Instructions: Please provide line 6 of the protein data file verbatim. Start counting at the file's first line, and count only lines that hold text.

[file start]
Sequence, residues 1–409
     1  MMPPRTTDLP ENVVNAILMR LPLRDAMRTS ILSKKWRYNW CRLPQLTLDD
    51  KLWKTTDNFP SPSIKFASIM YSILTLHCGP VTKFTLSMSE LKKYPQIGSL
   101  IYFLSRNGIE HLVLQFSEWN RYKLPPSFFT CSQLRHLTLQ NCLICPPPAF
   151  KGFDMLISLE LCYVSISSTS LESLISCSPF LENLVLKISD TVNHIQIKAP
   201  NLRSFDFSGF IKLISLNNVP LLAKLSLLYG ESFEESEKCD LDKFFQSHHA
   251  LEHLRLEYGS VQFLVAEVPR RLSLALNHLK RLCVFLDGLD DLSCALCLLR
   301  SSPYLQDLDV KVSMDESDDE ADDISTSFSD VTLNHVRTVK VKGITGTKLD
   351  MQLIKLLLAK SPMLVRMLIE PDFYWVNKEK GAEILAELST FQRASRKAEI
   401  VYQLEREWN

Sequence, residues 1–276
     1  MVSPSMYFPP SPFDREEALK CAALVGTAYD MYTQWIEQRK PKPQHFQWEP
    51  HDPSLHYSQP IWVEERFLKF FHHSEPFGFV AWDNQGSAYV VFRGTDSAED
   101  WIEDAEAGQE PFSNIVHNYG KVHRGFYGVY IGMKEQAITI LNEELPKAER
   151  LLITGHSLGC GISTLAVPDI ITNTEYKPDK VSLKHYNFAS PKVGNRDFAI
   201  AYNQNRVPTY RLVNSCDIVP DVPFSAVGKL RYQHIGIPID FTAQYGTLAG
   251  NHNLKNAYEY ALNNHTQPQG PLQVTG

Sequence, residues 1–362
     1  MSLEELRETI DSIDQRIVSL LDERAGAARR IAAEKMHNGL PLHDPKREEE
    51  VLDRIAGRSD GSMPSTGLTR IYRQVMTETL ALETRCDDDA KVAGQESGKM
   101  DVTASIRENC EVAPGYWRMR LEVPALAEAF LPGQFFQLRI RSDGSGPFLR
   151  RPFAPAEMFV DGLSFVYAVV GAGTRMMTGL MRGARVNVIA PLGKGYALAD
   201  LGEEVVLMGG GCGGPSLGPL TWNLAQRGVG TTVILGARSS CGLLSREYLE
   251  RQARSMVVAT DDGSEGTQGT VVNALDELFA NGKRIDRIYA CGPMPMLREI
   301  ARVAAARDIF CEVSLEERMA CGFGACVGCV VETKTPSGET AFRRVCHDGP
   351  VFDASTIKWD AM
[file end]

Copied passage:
   201  NLRSFDFSGF IKLISLNNVP LLAKLSLLYG ESFEESEKCD LDKFFQSHHA